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2 September 2010

Buttecounty Free Music Society - 'Induced Musical Spasticity (1984-2009)' (no label)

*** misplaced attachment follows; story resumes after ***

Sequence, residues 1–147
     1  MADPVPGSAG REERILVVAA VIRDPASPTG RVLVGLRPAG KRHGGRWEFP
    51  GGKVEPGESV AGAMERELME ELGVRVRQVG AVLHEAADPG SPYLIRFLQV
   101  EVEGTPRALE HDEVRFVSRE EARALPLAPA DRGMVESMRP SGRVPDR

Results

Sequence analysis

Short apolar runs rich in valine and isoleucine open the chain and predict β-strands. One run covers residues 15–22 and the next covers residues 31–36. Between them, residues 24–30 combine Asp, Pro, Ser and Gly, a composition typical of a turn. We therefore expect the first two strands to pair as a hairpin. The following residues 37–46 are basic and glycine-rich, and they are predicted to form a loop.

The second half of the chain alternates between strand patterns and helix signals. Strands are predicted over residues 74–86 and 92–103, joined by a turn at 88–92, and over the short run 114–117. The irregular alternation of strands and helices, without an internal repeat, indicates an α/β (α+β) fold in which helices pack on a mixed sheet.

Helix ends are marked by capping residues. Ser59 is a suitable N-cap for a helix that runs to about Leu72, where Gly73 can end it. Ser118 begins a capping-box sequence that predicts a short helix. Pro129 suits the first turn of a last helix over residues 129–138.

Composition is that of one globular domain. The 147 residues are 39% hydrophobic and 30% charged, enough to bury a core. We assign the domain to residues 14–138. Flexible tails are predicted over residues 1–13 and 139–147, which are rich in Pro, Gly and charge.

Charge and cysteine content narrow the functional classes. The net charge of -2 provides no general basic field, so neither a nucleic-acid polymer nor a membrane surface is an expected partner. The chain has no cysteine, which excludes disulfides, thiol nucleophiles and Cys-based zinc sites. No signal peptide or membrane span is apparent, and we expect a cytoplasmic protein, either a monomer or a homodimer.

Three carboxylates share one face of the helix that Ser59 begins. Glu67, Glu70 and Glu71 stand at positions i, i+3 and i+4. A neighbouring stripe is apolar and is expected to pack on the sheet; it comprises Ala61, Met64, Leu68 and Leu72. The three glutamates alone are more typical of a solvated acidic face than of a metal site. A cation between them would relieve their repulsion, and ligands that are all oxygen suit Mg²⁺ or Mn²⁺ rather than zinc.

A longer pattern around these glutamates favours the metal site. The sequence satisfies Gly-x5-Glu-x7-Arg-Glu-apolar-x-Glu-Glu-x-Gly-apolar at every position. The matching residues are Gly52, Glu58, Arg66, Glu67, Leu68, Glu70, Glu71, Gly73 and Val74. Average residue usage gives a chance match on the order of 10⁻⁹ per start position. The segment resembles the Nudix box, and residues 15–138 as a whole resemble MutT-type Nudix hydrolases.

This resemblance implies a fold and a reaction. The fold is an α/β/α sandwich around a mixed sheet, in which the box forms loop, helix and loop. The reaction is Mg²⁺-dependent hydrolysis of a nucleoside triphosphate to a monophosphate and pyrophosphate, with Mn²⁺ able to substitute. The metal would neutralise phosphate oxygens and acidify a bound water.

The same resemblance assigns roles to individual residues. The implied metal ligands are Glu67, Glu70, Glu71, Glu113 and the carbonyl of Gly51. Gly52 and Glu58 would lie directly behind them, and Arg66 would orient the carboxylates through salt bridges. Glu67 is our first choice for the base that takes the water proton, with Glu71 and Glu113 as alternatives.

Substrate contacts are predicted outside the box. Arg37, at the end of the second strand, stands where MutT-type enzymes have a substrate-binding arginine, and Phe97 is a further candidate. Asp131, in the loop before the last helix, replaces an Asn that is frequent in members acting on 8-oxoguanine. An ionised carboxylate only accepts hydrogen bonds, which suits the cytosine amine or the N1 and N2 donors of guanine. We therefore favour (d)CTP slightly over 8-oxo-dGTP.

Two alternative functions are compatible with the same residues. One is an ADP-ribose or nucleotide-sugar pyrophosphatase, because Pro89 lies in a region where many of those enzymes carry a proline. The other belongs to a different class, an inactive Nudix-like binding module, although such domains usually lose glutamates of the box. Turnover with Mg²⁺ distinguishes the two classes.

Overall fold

When this came out, of course I had never heard of BUFMS -- I mean, LAFMS, sure, and that was clearly the inspirational model for these weirdos, who seemed to gravitate around Chico, CA in the late 80s. One can only think that they would have taken over the world if only they lived in a bigger city. I saw this 4LP set with additional CD, packaged in a lovely box, and thought 'this looks like fun', and I got a good deal from the man at the psychedelic music store in Athens, so that was that. But then actually listening to it, well, it's a surprising mess of sound inside, and its a collage of many different artists who are all really different configurations of the same core people (OF COURSE!): Ambivalent Dosage, Ziplok, Hypnagogic Jerk, Bren't Lewiis Ensemble, Unlikely Modernists, 28th Day, the Conduits ... it appears that this scene put out 5 tapes, 4 by the Bren't Lewiis Ensemble and one compilation called Everything's DooDoo (which is represented here in its entirety, I think). The 8 vinyl sides of this box are sequenced in a curious fashion, more thematically than chronologically. Side A comes out of the gate with a brash, aggressive outsider sound, containing five tracks based around tape manipulations, repeating/skipped speech, and decidedly non-musical instrumental pluckings. Richard Streeter's 'Cookies Shaped Like Kites (edit)' is a particular highlight, sounding like a mentally retarded take on Robert Ashley. (and that's saying somethin'!) So if you're thinking these guys were purely in the realm of sound-art tape fuckery, it's understandable. But then side B upsets that, beginning with 28th Day's 'Let Go', a new wave tune with spindly guitars, dour vocals, and all the things we loved about the early 80s. Dilwhip's track is more along the same lines - hints of early R.E.M., the db's, Rain Parade -- of course far less polished and amateurish, but still a stab at rock music. The rest of the side starts to devolve that - Bren't Lewiis's 'Sakura Sakura' is an ethnic-derived sketch that could exist on a Jeweled Antler compilaton, and Hypnagogic Jerk's guitar/keys excursion is pretty nice in both sound and aesthetic. Side C continues the realisation that BUFMS were just as much into avant-rock sounds as the outer limits. And that's okay, cause I like R.E.M. AND Pierre Schaeffer! There's an earlier 28th Day track here, significantly more primitive, and without Barbara Manning (who I believe later made a few indie-folk records for Matador, and was in SF Seals). Right when I was starting to think that the BUFMS kids seemed miles removed from 'punk', Walking Jock's sneering 'Seven Year Itch' comes in the middle of side C. It answers the question "Were these guys going to see Black Flag shows during all of this?" and sounds a bit like Dag Nasty. Lots of fun. The Conduits take it back into the outer realm, with their Walkman-quality Ash Ra Tempel impersonation, and Hallucinatory Companion are a cute meandering instrumental that touches on the Young Marble Giants minimal approach. Side D takes things into the out-and-out goofy realm. It starts off with a manic melée of cheap keyboards appropriately named 'Carnival of Headache', by the cleverly named Experimental Artists. The narration reminds me of Jello Biafra, and it feeds into 'What's Your Beef?' by Lawrence Crane and John Young. This continues the atmosphere of fighting toys, but with sense of tug and push that is probably the most musically amazing moment on this set, so far. And right when it gets good, they stick a Monty Python cover in the middle. 'The Lumberjack Song', as performed by Tops Inc. is actually kinda amazing, with buzzsaw guitar and lush, layered yet tuneless singing. It's a vast improvement over the original, and I wonder if Pete Beck (the man behind Tops Inc) was in fact fifteen years old, doing this in his bedroom. The Hypnagogic Jerk track on side A is rehashed here only with brasher keyboards, followed by another Hallucinatory Companion tune. Rory Lyons completes the shift back from avant-rock to outer-limits explorations with a reverb-laden keyboard track that drifts away like magic, echoing bells. We're halfway there! Side E starts with Conduits again, doing a beautiful minimal harmonica and thumping electronics duet. Sidney Afrika does a deconstructed Steve Miller Band cover called 'fly like an algae' (get it??) that comes from some radio session, and the other highlight of Side E -- actually a highlight of the whole set -- is Ziplok's live performance, a pounding yet lush industrial guitar and drum machine set. It was performed under a blanket yet it sounds huge and ever-expanding. The next 2.5 sides are entirely a showcase for the Bren't Lewiis Ensemble, with F's side-long 'Goat Embryo (Covered With Glue)' being the epic kitchen-sink sound exploration. It proceeds slowly, always sounding like 2 or 3 people at a time despite having 14 people listed in the credits (including such musicians as Musclebutt, Joan of Art and Gnarlos). There's moments of the Futura-sound for sure - bending clanking sounds, moans and groans, and space-age warble. There's some spoken pause-button edit tape parts akin to side A, and some deep cosmic jamming, though it never stays focused long enough. There's also some poorly played string instruments (a favourite sound of mine) and it's such a collage that it could be 100 short tracks instead of one big piece. The next side (G, if yer followin') is Bren't Lewiis's 'Industrial Barbeque' event. It's a live recording which means consistent fidelity, but that fidelity is 'average'. There's more moaning, plinking, and scattered, burning foliage. Lots of echo from the room, yet we get a sense of how these weirdos existed as a live act. The fact that all of this was going on in Butte County, not exactly a place known as a metropolis of the bizarre, and in the midst of the Reagan 80s as well -- well, it's astounding. The tape collage on the previous side is a bit more dynamic, but it's nice that both sides of this group, clearly central to the BUFMS "scene", are represented. And Side H shows us yet another facet of Bren't Lewiis Ensemble - that of the goofball country n' western band, singing 'Plastic Jesus' . Next is Unlikely Modernists, a meandering bunch of tin-whistle and bongo hippies, Leaving the City MEV-style, but with some cartoon voices shouting in the mix. Now, we're almost through a four-LP box set, packed with a diverse array of "out" sounds, and to me, this Unlikely Modernists cut is the first "stereotypical weird music" track. That's not to say that I don't like it, but it at least fulfills some stereotypes. Bren't Lewiis gives us one last example from their ouvre (represented most reasonably, since they were 80% of the released cassette output back in the day) -- this one is heavy on the tape edits, with some recorder slowdown and other such grot. And finally, the whole she-bang ends with the Marques, a similar cut to the one that opened side A. A cyclical, mesmerising document of the soundworld of a few miscreants in a forgotten corner of rural California, sure. But a question has to be asked -- does this need to be heard? I enjoy all sides of this box set (though I have yet to get all the way through the bonus CD, which is a lengthy series of radio plays) but I tend to love things that are slipshod and miscellaneous. Can we call these recordings visionary, when no one heard them, and they influenced nobody? I don't actually care to have such debates, so I don't know why I bring it up. Despite whatever level of importance you might want to tack onto this set, these recordings hearken back to a time when creative energy found more innovative and isolated ways to express itself. Yeah, I mean this was pre-Internet, as was most music discussed on these pages, but more specifically they type of social interactions were completely impossible so these artists had only each other. And that type of tunnel vision can produce amazing things. Some of those amazing things are on these eight LP sides, and it's a real treasure to have them presented in such a grandiose manner.